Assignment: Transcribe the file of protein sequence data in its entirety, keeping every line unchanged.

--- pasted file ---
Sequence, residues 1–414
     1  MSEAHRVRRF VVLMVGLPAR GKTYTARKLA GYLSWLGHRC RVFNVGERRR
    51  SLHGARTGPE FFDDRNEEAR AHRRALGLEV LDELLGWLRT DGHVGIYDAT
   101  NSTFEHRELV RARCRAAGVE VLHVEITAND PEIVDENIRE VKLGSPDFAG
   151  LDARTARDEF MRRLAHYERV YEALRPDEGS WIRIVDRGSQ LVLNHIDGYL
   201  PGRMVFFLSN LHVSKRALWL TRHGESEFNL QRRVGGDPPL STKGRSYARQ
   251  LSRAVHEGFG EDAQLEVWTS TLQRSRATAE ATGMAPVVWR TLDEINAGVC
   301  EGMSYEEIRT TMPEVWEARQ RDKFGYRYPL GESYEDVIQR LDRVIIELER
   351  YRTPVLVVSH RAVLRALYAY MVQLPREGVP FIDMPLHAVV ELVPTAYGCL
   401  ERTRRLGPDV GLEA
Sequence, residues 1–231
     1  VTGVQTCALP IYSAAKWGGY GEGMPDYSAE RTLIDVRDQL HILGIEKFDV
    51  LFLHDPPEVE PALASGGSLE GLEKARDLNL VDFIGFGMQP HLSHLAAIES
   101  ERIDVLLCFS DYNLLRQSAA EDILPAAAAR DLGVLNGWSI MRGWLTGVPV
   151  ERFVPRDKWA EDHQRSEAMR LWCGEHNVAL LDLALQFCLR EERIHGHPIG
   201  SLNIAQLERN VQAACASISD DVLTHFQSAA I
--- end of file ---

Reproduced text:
Sequence, residues 1–414
     1  MSEAHRVRRF VVLMVGLPAR GKTYTARKLA GYLSWLGHRC RVFNVGERRR
    51  SLHGARTGPE FFDDRNEEAR AHRRALGLEV LDELLGWLRT DGHVGIYDAT
   101  NSTFEHRELV RARCRAAGVE VLHVEITAND PEIVDENIRE VKLGSPDFAG
   151  LDARTARDEF MRRLAHYERV YEALRPDEGS WIRIVDRGSQ LVLNHIDGYL
   201  PGRMVFFLSN LHVSKRALWL TRHGESEFNL QRRVGGDPPL STKGRSYARQ
   251  LSRAVHEGFG EDAQLEVWTS TLQRSRATAE ATGMAPVVWR TLDEINAGVC
   301  EGMSYEEIRT TMPEVWEARQ RDKFGYRYPL GESYEDVIQR LDRVIIELER
   351  YRTPVLVVSH RAVLRALYAY MVQLPREGVP FIDMPLHAVV ELVPTAYGCL
   401  ERTRRLGPDV GLEA
Sequence, residues 1–231
     1  VTGVQTCALP IYSAAKWGGY GEGMPDYSAE RTLIDVRDQL HILGIEKFDV
    51  LFLHDPPEVE PALASGGSLE GLEKARDLNL VDFIGFGMQP HLSHLAAIES
   101  ERIDVLLCFS DYNLLRQSAA EDILPAAAAR DLGVLNGWSI MRGWLTGVPV
   151  ERFVPRDKWA EDHQRSEAMR LWCGEHNVAL LDLALQFCLR EERIHGHPIG
   201  SLNIAQLERN VQAACASISD DVLTHFQSAA I